Is Your Business an Essential Business During COVID-19? Transportation Edition

March 2020

As of this writing, thirty-four states have issued some flavor of full or partial “Shelter in Place” rules in response to the COVID-19 outbreak. While these orders vary by name and in scope, the essential nature of them is that non-essential businesses must shut down publicly for a period of time and that employees of non-essential businesses (and non-essential employees of essential businesses) need to stay home and not report to work.

One of the key questions for employers is whether their work qualifies as an “Essential Business”. While each order is different and specific to that particular jurisdiction, they do contain many similarities. Many states have directly adopted or are influenced strongly by the guidelines issued by the Department of Homeland Security, as set forth in the Cybersecurity and Infrastructure Security Agency’s (“CISA”) Guidance on the Essential Critical Infrastructure Workforce.

Under the CISA guidelines, the first question is whether a business operates in one of the Critical Infrastructure Sectors, which include:

  1. Healthcare / Public Health
  2. Law Enforcement, Public Safety, and First Responders
  3. Food and Agriculture
  4. Energy
  5. Water and Wastewater
  6. Transportation and Logistics
  7. Public Works
  8. Communications and Information Technology
  9. Other Community-Based Government Operations and Essential Functions
  10. Critical Manufacturing
  11. Hazardous Materials
  12. Financial Services
  13. Chemical
  14. Defense Industrial Base

Under Transportation and Logistics, it seems obvious that airlines, rail, and trucking companies would qualify as Essential Businesses. So might maintenance, repair and overhaul facilities (MROs), ground handling companies, fixed based operators (FBOs), delivery companies that move freight and cargo out of airports and rail yards. But how does a company decide if it is an Essential Business that can or should remain in operation during a Shelter in Place order?

The fact is, there is no state or federal regulatory entity that will name you an Essential Business and no government agency (so far) is set up to provide a license to operate according to the directive. For the most part, a business may need to “self-declare” if it is a critical infrastructure and can support the conclusion. The Homeland Security guidelines are a good starting place for such support. The Homeland Security website states their public guidance is for, among others, the “private sector,” and it includes additional information that may be helpful.

For instance, there is a separate list as to what workers may be considered “Essential Employees”. Most Shelter in Place laws not only limit public operations to Essential Businesses but they also restrict employee travel between home and workplaces to those employees that really need to travel. For Transportation and Logistics, the types of essential workers include, among others, the following:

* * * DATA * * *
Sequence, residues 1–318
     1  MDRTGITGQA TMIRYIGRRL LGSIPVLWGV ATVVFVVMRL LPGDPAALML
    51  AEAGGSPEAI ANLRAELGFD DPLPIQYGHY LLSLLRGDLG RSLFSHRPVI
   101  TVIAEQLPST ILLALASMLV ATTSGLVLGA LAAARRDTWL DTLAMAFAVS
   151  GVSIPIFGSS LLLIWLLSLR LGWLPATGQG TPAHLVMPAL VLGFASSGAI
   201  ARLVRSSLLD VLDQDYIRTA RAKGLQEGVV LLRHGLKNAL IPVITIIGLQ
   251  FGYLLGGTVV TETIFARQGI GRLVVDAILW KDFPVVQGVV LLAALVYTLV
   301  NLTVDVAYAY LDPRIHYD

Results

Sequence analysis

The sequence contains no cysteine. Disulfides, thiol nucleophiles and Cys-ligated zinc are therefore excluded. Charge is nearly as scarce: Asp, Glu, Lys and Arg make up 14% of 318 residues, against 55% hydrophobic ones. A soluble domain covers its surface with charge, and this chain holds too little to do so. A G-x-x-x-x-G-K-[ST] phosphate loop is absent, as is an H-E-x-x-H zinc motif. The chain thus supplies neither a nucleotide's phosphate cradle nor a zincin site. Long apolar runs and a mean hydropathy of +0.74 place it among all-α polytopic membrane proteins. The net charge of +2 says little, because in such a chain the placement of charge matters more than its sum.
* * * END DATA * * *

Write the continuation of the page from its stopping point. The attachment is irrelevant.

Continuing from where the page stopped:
• Employees supporting or enabling transportation functions, including truck drivers, bus drivers, dispatchers, maintenance and repair technicians, warehouse workers, truck stop and rest area workers, and workers that maintain and inspect infrastructure (including those that require cross-jurisdiction travel)
  • Workers responsible for operating dispatching passenger, commuter and freight trains and maintaining rail infrastructure and equipment
  • Maritime transportation workers – port workers, mariners, equipment operators
  • Truck drivers who haul hazardous and waste materials to support critical infrastructure, capabilities, functions, and services
  • Employees who repair and maintain vehicles, aircraft, rail equipment, marine vessels, and the equipment and infrastructure that enables operations that encompass the movement of cargo and passengers
  • Air transportation employees, including air traffic controllers and maintenance personnel, ramp workers, aviation and aerospace safety, security, and operations personnel and accident investigations
  • Workers who support the maintenance and operation of cargo by air transportation, including flight crews, maintenance, airport operations, and other on- and off-airport facilities workers

If your company arguably works in a Critical Sector and some of your employees are likely Essential Employees, you can probably support the conclusion that you are an Essential Business. If you don’t fit quite within those guidelines, look elsewhere. Many states have additional guidance in their Shelter in Place orders. You might also be an important supplier for a company that is in a Critical Sector. There are also many businesses on the fringe of the guidance that have managed to be declared Essential Businesses through creative interpretations. In California, for instance, marijuana dispensaries have been determined to be an Essential Business; in other states (including Minnesota) there has been lobbying to include liquor stores.

The COVID-19 outbreak is still evolving, as are the rules and guidance, so the landscape continues to shift, but FMJ is watching developments as they occur.  If you need assistance in whether yours is an Essential Business, please contact Jim Seifert at james.seifert@fmjlaw.comKevin Johnson at or Nathan Haynor at